To support me, Sergio and Lidia both came personally to Central Kalimantan. Stepanus Djuweng and the other brothers from the Institute of Dayakology in Pontianak in the west of Kalimantan joined them. They came directly to Kasongan from Tjilik Riwut, the airport of Palangja Raya.
We arrived at Kasongan, our principal destination of the day. I wanted to show Sergio and Lidia the real life of my Dayak ethnic group. My father, who is now deceased, a traditional leader and a former guerillero who had fought Dutch colonialism welcomed the two groups enthusiastically.
- You are at home here. I call you brothers and sisters, Dad told them in Dayak. The friends of my son are part of my own family.
- Terimakasih (thank you), Sergio answered embracing my father. Both of them seemed happy and close.
- Do as if you were at home... My father did not know what else to say!
Moved by curiosity, Sergio left the traditional house of my father and went to the back yard under the shade of the many fruit trees there. I went with him while my father killed one of the cows for his guests who had come from so far.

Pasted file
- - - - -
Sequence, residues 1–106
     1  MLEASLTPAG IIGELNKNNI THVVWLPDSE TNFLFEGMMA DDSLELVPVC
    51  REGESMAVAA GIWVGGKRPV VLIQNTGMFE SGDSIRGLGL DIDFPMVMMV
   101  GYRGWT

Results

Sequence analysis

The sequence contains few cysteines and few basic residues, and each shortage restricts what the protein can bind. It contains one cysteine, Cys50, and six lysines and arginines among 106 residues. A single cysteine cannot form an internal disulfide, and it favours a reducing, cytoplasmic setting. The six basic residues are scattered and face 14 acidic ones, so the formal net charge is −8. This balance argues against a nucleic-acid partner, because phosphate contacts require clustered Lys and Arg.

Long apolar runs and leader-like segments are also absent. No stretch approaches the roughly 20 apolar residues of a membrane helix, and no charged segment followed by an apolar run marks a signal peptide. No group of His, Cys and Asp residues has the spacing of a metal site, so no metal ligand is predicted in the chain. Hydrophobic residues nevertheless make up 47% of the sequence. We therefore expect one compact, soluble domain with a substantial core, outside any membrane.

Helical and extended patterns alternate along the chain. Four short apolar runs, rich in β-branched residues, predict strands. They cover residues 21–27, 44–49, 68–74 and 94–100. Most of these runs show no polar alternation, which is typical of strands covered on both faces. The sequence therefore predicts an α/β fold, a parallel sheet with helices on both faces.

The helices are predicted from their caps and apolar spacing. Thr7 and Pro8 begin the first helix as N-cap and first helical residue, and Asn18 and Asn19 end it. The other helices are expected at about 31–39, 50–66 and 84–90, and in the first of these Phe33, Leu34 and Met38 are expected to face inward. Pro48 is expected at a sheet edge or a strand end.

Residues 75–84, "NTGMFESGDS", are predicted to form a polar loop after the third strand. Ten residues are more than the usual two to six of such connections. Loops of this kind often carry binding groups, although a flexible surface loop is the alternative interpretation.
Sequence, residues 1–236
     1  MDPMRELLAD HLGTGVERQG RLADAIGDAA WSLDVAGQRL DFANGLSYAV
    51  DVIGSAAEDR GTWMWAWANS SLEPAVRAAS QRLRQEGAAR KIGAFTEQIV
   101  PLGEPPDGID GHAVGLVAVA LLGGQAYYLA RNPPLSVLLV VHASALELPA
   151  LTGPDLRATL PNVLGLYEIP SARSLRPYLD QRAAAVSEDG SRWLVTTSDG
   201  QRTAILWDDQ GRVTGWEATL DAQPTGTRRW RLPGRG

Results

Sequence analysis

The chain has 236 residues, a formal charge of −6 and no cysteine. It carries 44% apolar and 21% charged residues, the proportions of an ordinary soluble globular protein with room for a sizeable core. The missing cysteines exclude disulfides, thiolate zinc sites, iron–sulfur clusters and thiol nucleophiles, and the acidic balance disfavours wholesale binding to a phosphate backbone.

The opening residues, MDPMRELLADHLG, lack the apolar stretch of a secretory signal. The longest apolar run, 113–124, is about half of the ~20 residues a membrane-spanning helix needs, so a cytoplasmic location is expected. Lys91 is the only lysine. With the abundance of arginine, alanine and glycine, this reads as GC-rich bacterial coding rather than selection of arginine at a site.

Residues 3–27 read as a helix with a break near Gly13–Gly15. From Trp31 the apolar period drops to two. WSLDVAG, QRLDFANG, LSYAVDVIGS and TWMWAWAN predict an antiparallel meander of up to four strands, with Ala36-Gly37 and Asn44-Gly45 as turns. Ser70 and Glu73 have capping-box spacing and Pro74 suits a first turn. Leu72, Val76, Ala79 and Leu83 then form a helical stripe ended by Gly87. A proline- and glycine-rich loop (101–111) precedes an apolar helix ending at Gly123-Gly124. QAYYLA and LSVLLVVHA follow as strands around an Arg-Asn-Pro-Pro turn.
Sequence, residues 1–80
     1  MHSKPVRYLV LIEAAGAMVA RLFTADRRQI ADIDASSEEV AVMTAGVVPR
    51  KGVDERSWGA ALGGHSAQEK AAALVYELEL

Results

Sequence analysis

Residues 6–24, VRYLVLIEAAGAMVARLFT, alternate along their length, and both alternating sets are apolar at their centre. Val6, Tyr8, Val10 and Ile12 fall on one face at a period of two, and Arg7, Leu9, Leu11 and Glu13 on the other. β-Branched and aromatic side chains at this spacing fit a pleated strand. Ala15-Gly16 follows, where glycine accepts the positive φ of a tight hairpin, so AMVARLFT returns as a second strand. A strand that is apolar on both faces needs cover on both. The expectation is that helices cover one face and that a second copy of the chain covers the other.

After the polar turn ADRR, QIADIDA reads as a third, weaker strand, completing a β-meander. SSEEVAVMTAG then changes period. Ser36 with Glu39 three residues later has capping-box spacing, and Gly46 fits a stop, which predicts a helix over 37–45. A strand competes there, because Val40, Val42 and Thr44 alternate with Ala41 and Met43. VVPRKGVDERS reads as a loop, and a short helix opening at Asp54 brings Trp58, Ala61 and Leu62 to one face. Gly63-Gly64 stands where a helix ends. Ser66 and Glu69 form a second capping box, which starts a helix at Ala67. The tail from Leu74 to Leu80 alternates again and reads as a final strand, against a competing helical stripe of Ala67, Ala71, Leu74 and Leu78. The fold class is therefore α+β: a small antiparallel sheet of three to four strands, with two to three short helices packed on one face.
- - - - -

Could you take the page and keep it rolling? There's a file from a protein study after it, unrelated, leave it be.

Death is a part of life
Sergio never stopped questioning me about what he discovered among the Dayak as we walked under the trees. Suddenly, he arrived at a luxurious little building surrounded by many various wooden statues.
- What is this, Kusni ?
- The Dayaks call it a pambak meaning tomb. It is the future resting place of my father and my mother.
- But they are still alive!
- My father says that death is a part of life. So he prepared his tomb according to his own taste. On the other hand, he also doesn't want to leave the financial burden to his sons and daughters.
- And what about the wooden statues?
- They describe the concept of kaharingan of life and death; they explain what life after death is like.
- What is the meaning of the hornbill and the dragon on the tomb?
- They explain the meaning of life and death for the Dayaks. The hornbill symbolised the empire and the power above while the dragon symbolises the empire and power here below. The two powers form a whole. Our earth, called the Banks of Humanity (Saran Danum Kalunen) is the Middle World. According to the Dayaks, it is the mission of life and death of the whole of humanity to create the Banks of Humanity by following the example of life in the World Above. The Middle World is a place where all people can live in conformity with the values proper to human beings.